A Twenty-Year Analysis of Winds in California for Offshore Wind Energy Production Using WRF v4.1.2

Alex Rybchuk, Mike Optis, Julie Lundquist, Michael Rossol, Walt Musial

Research output: Contribution to journalArticlepeer-review


Offshore wind resource characterization in the United States relies heavily on simulated winds from numerical weather prediction (NWP) models, given the lack of hub-height observations offshore. One such NWP data set used extensively by U.S. stakeholders is the Wind Integration National Dataset (WIND) Toolkit, a 7-year time-series data set produced in 2013 by the National Renewable Energy Laboratory. In this study, we present an update to that data set for offshore California that leverages recent advancements in NWP modeling capabilities and extends the period of record to a full 20 years. The data set predicts a significantly larger wind resource (0.25–1.75 m s-1 stronger), including in three Call Areas that the Bureau of Ocean Energy Management is considering for commercial activity. We conduct a set of yearlong simulations to study factors that contribute to this increase in the modeled wind resource. The largest impact arises from a change in the planetary boundary layer parameterization from the Yonsei University scheme to the Mellor-Yamada-Nakanishi-Niino scheme and their diverging wind profiles under stable stratification. Additionally, we conduct a refined wind resource assessment at the three Call Areas, characterizing distributions of wind speed, shear, veer, stability, frequency of wind droughts, and power production. We find that, depending on the attribute, the new data set can show substantial disagreement with the WIND Toolkit, thereby driving important changes in predicted power.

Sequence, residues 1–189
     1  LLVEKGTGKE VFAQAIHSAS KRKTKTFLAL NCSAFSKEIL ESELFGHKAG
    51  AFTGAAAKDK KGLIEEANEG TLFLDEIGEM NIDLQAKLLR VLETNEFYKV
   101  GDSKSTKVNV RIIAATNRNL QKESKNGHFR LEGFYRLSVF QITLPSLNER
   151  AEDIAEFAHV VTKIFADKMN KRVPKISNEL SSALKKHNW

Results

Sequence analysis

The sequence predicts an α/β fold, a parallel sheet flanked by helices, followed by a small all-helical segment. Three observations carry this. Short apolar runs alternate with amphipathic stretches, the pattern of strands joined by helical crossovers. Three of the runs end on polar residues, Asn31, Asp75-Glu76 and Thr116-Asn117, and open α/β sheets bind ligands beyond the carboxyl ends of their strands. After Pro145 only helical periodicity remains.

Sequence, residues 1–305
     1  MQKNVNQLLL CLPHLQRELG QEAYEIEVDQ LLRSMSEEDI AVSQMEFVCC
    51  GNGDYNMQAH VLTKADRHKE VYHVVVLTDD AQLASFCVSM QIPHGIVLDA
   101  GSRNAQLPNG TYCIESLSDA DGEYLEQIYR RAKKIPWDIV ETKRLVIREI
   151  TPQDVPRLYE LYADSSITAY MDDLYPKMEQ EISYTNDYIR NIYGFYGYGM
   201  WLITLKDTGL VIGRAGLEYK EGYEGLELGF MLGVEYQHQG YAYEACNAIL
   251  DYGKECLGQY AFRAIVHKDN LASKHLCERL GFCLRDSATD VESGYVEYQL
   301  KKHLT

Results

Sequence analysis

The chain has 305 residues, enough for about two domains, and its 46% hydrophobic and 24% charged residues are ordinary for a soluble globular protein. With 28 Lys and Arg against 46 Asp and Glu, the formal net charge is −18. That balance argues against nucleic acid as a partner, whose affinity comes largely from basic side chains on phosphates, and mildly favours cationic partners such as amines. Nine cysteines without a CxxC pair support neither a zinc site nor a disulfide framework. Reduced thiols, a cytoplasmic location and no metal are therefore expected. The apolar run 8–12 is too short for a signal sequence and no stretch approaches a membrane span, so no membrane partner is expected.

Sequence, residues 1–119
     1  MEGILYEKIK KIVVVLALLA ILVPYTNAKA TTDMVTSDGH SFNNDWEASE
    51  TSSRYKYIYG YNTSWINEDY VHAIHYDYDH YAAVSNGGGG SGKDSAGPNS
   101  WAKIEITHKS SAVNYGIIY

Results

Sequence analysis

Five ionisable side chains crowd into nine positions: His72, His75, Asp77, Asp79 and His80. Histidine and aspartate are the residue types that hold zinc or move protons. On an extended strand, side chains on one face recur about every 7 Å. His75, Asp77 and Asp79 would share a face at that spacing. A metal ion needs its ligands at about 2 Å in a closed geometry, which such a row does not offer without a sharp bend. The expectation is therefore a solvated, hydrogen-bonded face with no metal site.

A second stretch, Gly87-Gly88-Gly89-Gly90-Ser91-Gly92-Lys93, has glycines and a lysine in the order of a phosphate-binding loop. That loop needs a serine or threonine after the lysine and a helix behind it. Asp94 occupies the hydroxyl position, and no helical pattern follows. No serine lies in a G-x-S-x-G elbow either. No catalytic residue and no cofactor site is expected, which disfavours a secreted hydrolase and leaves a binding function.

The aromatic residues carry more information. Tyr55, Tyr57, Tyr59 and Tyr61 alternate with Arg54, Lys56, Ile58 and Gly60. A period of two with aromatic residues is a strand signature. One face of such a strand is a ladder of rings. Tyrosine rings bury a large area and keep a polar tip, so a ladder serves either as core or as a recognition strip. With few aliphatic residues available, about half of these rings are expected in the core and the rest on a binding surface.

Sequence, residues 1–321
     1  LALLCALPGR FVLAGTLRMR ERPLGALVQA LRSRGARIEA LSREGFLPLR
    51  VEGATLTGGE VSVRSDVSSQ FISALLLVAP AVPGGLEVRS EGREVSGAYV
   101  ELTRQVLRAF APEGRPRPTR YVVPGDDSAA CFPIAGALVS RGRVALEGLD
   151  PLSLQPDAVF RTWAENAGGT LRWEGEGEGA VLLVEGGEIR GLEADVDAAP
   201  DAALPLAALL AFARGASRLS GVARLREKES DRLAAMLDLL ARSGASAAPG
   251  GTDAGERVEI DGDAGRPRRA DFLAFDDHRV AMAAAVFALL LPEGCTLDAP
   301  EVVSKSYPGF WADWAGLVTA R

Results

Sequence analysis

Original languageAmerican English
JournalGeoscientific Model Development
StatePublished - 2021

NREL Publication Number

  • NREL/JA-5000-79078


  • numerical weather prediction
  • offshore wind
  • wind resource assessment


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